Track fulfils legal need for speed | South China Morning Post
  • Tue
  • Mar 3, 2015
  • Updated: 11:52am

Track fulfils legal need for speed

PUBLISHED : Friday, 11 March, 2011, 12:00am
UPDATED : Friday, 11 March, 2011, 12:00am

It is increasingly hard to enjoy a fast car in Hong Kong without breaking the law, says Richburg Lotus CEO Eric Wong. But there is a new, legal outlet for speed merchants over the border, he says.

'All of Hong Kong's speeding cameras have been digitalised and the police use dozens of ghost cars in operations,' says Wong, a former policeman. 'There is nowhere to really put your foot down to the throttle, unless you are illegally racing with others.'

But local speed merchants needn't swap their Lotus Exiges for a demure little Smart car just yet, the importer says. 'The best way to make driving fast cars fun again, is to race them on a track on the mainland.'

Richburg Lotus is launching a new track scheme this month. On March 18 and 20, the dealer will stage 'the first Lotus race in China' at the Guangdong International Circuit (GIC), a 2.8km-long FIA Grade III track, between Zhaoqing and Sanshui City. With five left and eight right-hand turns, and a 718-metre straight on each clockwise lap, the circuit is scheduled to host the China round of this season's World Touring Car Championship in November.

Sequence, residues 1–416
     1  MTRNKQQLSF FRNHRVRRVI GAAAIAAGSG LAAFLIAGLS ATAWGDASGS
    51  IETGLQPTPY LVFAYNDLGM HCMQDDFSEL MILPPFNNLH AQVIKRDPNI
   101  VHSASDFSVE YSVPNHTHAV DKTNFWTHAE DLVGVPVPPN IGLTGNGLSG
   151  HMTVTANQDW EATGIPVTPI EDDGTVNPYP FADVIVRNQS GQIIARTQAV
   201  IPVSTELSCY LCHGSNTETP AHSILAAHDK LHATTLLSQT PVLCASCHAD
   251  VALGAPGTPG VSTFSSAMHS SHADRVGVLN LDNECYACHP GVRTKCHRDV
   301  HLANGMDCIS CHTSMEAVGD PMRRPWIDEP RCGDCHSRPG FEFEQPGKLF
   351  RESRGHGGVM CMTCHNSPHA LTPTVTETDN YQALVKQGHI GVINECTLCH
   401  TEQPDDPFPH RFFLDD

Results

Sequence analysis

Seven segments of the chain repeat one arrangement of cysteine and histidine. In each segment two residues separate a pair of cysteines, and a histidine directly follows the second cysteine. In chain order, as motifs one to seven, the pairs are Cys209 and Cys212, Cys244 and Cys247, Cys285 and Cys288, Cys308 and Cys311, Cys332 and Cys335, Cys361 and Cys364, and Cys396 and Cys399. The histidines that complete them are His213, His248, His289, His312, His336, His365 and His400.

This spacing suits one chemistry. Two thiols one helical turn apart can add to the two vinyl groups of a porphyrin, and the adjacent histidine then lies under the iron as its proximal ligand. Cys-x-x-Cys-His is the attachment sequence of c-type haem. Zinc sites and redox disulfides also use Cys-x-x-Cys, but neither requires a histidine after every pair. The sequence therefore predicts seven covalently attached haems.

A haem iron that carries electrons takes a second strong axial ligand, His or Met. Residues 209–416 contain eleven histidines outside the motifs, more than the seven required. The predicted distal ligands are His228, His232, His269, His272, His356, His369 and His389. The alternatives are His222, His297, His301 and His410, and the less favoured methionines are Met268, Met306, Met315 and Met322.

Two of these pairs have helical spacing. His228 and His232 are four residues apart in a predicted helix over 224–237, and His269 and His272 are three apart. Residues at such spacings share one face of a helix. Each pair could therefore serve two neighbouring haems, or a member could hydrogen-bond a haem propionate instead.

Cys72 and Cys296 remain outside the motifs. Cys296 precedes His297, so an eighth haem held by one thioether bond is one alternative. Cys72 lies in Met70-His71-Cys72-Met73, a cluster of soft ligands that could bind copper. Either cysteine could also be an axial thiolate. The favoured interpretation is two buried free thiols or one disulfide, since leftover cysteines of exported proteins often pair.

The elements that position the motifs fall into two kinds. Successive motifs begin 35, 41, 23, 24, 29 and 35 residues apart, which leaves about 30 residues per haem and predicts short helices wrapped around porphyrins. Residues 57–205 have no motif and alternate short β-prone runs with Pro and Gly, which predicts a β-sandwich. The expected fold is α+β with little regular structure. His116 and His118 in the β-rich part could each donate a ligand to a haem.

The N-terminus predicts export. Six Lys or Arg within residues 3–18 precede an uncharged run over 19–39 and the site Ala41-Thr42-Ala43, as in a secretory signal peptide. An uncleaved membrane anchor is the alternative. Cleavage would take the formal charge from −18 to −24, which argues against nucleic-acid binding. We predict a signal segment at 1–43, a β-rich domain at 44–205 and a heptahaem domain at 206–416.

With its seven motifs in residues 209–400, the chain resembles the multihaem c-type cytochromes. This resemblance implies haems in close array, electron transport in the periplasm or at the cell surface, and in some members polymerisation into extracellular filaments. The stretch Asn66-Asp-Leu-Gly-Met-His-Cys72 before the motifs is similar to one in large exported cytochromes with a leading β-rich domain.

The circuit could prove a challenge for Hong Kong drivers, says Wong, who tested the circuit at 230km/h in a Lotus Europa S. 'The GIC demands lots of driving skills: mental determination and operational responses,' he says.

The dealer has also set up an 'operational base for the racecars' upkeep' and a VIP lounge in the stands' upper deck for catering, showering and tactics classes, Wong says. Richburg Lotus will offer visitors two used 2 Elevens, five track-tuned new Exige S (HK$498,000) and Europa S (HK$479,000) for purchase at the circuit 'without import duties', Wong says, adding that cars can be rented for three days for HK$79,000.

The dealer expects its first track day to help promote the British marque in southern China and identify up-and-coming local talent. Richburg Lotus also offers aspiring drivers an incentive to join its GIC grid this month.

'Through the one race, we select the best drivers for our Macau GP race, and other open races such as the Japan Lotus, or Bangkok Lotus events,' Wong says.

One British and five Chinese drivers have already enrolled for the Lotus race and Wong invites more to apply on sales@richburglotus.com or call 9178 7676.

The dealership is also forming Team Richburg to race in this year's Road Sport Challenge at the Macau Grand Prix, he says.

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